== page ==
Check it out: "Auld Lang Syne"

Total songs listened: 707

Friday, December 2, 2011

Dock Boggs: False Hearted Lover's Blues

Review # 55
Artist: Dock Boggs
Title: False Hearted Lover's Blues
Format: LP
Label: Monk Records
Year: 2009
Songs: 10

Dock Boggs is one of my all time favorite musicians in the American folk tradition, and False Hearted Lover's Blues is a collection of his recordings from the late 1920s. Boggs recorded a number of albums for Smithsonian's Folkways label in the 1960s when folk music became popular again, and those are fine records and better recorded, but there's just no substitute for hearing the original recordings. These are little slices of a culture and way of life in America that have largely disappeared. Boggs's somewhat abrasive voice combined with an aggressive, often fast, style of banjo playing conjure echos of a time when ramblers walked the dirt back roads of America, drinking corn whiskey. These songs have an ominous sound to them, and the lyrics tell of lost love, broken hearts, bad decisions, ruined lives, nights in jail, and ultimately, death. In "Country Blues" for instance, Boggs laments the bad decisions of a rambling lifestyle, as he envisions his own funeral. The spine-chilling "Pretty Polly" tells the story of another rambler who, after breaking his lover's heart, kills her and buries her body in some desolate place. It's not entirely clear, but he may bury her alive. Afterwards, he goes down to the river, "where deep waters flow," and there the song ends. Again, it's not clear, but he may drown himself in the river for what he's done. You won't find "You Are My Sunshine" or "She'll Be Coming 'Round the Mountain" in Boggs's catalogue.

I think most people who aren't well acquainted with American folk music have an idea of it as a tame, friendly acoustic music, children's songs, or political protest music. They think of sanitized Americana like Peter, Paul and Marry basically. Maybe they think of early Bob Dylan, or even Woody Guthrie if they're slightly better informed. Folk music can be all of these things, but much of the earliest music recorded in America isn't like that at all. These songs created images of the darker side of American rural life--hardship, loneliness, violence, alcoholism. "Hard luck," in these songs isn't your computer crashing or getting a flat tire, it's your brother getting shot, or spending your life in prison for robbing someone in alley and accidentally killing them. The lyrics to Boggs's songs have more in common with gangster rap than they do with children's music or even the protest music of the 1960s.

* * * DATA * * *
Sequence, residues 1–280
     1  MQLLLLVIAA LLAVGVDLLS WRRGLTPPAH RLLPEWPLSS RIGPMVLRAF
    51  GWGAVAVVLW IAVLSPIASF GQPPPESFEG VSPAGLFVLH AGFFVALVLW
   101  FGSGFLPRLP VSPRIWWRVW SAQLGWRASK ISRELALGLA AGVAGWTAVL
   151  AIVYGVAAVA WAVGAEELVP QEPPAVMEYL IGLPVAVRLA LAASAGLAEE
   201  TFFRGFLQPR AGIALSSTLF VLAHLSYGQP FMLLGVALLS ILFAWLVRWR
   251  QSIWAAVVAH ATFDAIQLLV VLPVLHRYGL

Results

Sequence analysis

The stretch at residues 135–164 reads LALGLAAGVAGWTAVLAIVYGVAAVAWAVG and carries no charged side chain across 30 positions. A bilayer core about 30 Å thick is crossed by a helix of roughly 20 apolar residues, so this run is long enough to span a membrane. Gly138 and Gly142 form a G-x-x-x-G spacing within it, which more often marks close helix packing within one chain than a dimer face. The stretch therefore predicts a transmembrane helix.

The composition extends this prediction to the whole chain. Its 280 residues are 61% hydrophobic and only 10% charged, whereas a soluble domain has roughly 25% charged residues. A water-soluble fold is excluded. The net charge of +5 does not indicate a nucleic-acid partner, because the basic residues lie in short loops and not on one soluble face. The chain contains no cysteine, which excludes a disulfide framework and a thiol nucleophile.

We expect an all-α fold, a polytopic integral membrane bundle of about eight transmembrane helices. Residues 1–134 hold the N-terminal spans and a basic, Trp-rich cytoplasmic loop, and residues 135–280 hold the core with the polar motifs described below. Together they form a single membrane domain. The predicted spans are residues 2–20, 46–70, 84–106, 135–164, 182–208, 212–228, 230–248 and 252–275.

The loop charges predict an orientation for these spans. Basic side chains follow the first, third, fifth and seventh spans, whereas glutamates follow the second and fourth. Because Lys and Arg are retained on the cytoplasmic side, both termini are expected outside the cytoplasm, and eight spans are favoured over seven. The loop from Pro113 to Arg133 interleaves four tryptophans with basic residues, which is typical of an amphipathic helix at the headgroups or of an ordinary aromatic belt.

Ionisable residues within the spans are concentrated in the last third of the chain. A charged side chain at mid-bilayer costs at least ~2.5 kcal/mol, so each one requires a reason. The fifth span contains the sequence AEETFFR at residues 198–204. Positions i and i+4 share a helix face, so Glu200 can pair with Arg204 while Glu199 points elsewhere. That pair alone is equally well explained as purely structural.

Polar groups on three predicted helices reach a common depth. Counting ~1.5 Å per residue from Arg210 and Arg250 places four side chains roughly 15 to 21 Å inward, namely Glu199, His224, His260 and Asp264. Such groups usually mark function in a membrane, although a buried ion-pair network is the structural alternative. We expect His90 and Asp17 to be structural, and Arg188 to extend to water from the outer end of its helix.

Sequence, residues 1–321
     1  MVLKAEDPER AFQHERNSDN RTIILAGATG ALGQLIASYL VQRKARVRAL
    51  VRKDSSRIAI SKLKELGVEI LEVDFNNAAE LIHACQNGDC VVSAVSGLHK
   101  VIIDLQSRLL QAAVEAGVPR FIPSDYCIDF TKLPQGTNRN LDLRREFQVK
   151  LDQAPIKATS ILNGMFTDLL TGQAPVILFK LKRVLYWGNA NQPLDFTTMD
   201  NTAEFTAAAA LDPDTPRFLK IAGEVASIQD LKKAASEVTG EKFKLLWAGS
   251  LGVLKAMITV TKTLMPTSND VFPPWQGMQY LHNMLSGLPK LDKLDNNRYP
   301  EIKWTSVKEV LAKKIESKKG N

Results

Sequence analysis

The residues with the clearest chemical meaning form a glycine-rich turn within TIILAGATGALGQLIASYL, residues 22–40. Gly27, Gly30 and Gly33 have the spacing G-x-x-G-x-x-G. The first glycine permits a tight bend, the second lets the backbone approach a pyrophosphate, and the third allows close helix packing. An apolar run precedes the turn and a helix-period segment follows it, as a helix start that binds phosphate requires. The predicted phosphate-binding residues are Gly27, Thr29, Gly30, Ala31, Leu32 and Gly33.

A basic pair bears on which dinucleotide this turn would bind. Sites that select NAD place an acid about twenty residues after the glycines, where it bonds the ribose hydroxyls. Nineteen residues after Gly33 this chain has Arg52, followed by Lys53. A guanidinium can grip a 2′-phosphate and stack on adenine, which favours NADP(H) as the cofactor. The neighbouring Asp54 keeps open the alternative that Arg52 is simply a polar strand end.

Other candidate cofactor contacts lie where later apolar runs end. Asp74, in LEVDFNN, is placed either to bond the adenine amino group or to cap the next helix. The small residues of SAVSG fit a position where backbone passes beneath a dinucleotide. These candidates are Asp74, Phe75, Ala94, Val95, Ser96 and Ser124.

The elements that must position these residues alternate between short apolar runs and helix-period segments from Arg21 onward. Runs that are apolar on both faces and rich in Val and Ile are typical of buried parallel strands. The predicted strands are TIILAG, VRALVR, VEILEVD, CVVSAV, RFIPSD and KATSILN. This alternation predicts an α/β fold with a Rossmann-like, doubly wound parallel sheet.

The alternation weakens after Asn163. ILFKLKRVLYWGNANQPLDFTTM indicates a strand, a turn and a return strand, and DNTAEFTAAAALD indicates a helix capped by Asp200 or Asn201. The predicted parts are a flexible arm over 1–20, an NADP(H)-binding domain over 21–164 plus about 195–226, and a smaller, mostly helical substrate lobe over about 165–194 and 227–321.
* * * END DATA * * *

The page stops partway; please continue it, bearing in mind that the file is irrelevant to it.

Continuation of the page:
These recordings vary a fair amount, in terms of recording quality. Taken from 78 rpm records if I'm not mistaken, some of these songs probably sound as good as they ever did, while others obviously were damaged. The last couple of tracks are very scratchy and sound like they run a little slow. Monk Records (a German label, I believe, which is sort of odd) seems to have done the best they could in cleaning these recordings up, but you can only do so much with damaged records from almost 100 years ago. Even so, if you are a fan of classic American folk music, this record is indispensable. Boggs's songs (and variations of other folk tunes, like "Sammie Where You Been So Long," which has much in common with  Bascom Lamar Lunsford's "I Wish I Was A Mole in the Ground") are classics. His approach to banjo playing is exciting to listen to, and clearly influenced many who came after him. The Folkways stuff recorded 40 years after this has many of these qualities. They're more accessible, perhaps. But if you want to hear some real, authentic American folk music, there are few better examples than False Hearted Lover's Blues.

Here's Boggs's version of "Pretty Polly."

Total songs listened: 695